As spring begins to stretch across the United States, classrooms update their bulletin boards with tulips and baby animals, and the paper snowflakes are packed away for another winter. Window clings and classwork changes, too, as the season is reflected in reading selections, writing assignments and the like.
Whether your student adores writing or could use a bit of extra practice, there are a number of writing projects that can simultaneously welcome the new season and provide experience with crafting clear descriptions, intriguing metaphors and similes, strong sentences and much more. Here are four activities to try:
1. Keep a sensory journal
For many families, spring marks a return to outdoor activities. If you and your child will be coasting through the neighborhood on bikes or walking to the park for a session on the swings, consider keeping a sensory journal. A small notebook that fits into a pocket or a purse is ideal for describing the rustle of new leaves, the sensation of a cool breeze against a cheek or the smell of blooming snowdrops. A notebook of this size is also easily transportable, which means your student can practice her descriptive skills wherever the two of you might go.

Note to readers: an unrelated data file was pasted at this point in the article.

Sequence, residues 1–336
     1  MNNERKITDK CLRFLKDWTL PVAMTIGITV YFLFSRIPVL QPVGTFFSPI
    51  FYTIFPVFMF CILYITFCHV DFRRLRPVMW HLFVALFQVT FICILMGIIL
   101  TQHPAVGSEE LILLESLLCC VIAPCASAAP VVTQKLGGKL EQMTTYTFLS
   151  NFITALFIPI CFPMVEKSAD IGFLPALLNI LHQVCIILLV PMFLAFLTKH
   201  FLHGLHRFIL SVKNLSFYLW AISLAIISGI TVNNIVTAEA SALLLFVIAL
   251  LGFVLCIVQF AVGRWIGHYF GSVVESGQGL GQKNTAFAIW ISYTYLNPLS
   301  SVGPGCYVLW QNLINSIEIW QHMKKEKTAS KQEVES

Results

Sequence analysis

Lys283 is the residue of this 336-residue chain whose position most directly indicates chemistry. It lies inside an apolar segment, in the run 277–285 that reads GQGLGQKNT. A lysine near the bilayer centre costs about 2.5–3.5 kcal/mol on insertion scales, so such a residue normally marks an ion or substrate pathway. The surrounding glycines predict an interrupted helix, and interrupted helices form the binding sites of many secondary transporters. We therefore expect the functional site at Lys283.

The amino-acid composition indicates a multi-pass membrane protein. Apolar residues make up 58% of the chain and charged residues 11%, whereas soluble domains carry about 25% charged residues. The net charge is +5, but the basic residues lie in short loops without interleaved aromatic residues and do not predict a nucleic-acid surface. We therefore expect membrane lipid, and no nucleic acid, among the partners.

2. Create a shape poem
Shape poems, or poems that assume the shape of an object like a kite or a tulip, and that also describe said object, are perfect for children who love to draw and write. (However, if your student chooses a very complicated object, is particularly young or prefers not to draw, you can use an object outline as a guide. You can often find such outlines online.) Say you and your child decide to create a shape poem based on a duckling — utilize the notes in your sensory journal to depict the yellow color of its body, its size and the sound it makes when it quacks.
3. Personify an element of the season
This fiction-writing exercise begins with a question: “What is the first word you think of when you hear ‘spring’?” Ask your student this question, and then encourage her to write a short story from the perspective of her answer. For instance, if she said, “A fluffy cloud,” what thoughts would a cloud have about the spring? How would it spend its days? Conversely, if your child answered, “Green grass,” how would the grass feel about longer hours of daylight? Does it welcome the return of animal and human feet, or does it prefer a protective cover of snow and cold?
4. Document your spring traditions
Take a moment to reflect on your family traditions. When the weather begins to warm, how do you celebrate? Do you bake cookies with your student and then decorate them with pastel icing? Do you search for eggshells on sidewalks near your home? Or do you visit a specific location like a local lake or Walt Disney World during spring break? A non-fiction account of these traditions can be a great way to record and share your family history, and it can also familiarize your child with the primary components of reading, analyzing and writing non-fiction.
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